The purpose of this paper is to investigate the antecedents and consequences of employee fraud, focusing on the banking industry in Ghana.
A major bank was selected for the case study analysis. The researchers used qualitative data analysis for the study. Content analysis of investigation reports and interviews of employees from different functional areas were used as the main data collection tools.
This study found that loans contracted by bank employees with huge repayment amounts put financial pressure on them to commit fraud. The study also found that inadequate controls in some areas of the bank can fuel the commission of fraud. In addition, aggrieved employees have a high propensity of committing fraud. Huge punitive consequences were noted to exist for employees who perpetrate fraud, and shareholders are also affected by the fraudulent behaviour of employees.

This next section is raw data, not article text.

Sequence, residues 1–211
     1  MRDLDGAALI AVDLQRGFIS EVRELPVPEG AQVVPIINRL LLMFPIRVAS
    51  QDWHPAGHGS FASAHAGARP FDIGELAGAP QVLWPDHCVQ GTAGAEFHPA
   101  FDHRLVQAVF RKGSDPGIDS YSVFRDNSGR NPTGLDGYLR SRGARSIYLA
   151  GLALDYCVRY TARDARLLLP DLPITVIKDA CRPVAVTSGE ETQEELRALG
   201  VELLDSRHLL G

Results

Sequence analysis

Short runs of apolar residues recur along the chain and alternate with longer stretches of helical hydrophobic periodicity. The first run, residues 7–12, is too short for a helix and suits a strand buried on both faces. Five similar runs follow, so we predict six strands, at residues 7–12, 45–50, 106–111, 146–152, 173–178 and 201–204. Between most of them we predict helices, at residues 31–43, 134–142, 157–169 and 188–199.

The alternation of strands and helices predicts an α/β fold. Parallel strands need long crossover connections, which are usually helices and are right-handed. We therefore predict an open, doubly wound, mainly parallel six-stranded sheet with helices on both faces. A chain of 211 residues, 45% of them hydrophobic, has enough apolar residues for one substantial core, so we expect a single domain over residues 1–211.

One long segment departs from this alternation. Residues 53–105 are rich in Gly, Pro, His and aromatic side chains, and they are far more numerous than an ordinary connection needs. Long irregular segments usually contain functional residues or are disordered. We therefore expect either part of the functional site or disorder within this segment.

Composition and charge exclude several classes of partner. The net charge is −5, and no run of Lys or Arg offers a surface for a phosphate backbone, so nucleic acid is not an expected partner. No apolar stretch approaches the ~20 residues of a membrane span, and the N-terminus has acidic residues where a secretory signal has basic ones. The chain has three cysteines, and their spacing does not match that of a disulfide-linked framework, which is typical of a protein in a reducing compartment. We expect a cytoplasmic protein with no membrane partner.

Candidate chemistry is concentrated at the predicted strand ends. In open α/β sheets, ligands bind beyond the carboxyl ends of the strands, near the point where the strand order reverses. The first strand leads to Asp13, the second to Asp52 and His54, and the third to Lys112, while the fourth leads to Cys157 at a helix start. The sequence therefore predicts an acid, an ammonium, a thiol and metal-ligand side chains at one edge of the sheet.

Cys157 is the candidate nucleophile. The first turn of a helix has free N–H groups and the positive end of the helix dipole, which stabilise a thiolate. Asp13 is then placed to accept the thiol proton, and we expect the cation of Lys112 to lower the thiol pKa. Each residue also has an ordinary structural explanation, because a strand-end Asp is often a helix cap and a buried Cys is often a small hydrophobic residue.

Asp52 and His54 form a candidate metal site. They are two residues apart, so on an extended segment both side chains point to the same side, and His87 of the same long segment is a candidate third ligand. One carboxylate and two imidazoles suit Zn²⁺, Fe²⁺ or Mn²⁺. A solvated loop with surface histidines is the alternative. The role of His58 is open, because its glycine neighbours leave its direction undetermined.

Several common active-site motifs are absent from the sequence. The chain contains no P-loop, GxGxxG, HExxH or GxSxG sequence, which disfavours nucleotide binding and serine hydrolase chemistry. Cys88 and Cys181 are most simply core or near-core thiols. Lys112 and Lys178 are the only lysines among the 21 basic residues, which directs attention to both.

Findings shown in the study confirm the hypotheses of the fraud triangle theory on the causes of fraud despite its criticisms. The findings are also consistent with extant studies on the antecedents and consequences of fraud. The use of one bank for the case study analysis as well as the three-year analysis period impose a limitation on the study. Future studies can explore fraud using other different theoretical lenses. Gathering data from more than one bank and for a longer period of analysis may provide more accurate results.
This study provides some recommendations for fraud prevention in the banking industry in Ghana. The major one is the need for the central bank to collaborate with financial institutions to set up an effective creditworthiness system that will aid the monitoring of activities of the banks. Banks should also ensure that systems of controls are reviewed regularly to identify and deal with fraud.
This study is original, as it focuses on an industry that is highly susceptible to fraud due to issues of confidentiality with data and with scanty literature on fraud.
Asmah, A.E., Atuilik, W.A. and Ofori, D. (2019), "Antecedents and consequences of staff-related fraud in the Ghanaian banking industry", Journal of Financial Crime, Vol. 26 No. 3, pp. 669-682. https://doi.org/10.1108/JFC-08-2018-0083
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